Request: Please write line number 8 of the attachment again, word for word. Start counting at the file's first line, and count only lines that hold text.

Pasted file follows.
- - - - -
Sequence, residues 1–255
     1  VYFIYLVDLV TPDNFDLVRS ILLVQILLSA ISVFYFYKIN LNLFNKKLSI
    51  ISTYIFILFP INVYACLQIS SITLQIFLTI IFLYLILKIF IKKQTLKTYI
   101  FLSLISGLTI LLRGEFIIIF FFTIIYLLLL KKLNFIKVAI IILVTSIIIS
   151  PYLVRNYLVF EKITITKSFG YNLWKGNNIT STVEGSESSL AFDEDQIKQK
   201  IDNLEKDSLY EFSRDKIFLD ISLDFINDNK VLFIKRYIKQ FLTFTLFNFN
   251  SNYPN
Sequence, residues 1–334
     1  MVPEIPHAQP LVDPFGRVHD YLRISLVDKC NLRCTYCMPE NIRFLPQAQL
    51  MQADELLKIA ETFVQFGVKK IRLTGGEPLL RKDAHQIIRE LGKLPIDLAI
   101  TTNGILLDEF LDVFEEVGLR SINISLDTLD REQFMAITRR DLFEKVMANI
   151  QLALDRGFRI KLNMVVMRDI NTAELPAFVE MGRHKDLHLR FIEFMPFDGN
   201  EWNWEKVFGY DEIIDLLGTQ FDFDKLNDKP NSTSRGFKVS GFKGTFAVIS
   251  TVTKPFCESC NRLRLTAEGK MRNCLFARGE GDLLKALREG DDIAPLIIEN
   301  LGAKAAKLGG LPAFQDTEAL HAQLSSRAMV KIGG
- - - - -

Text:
Sequence, residues 1–334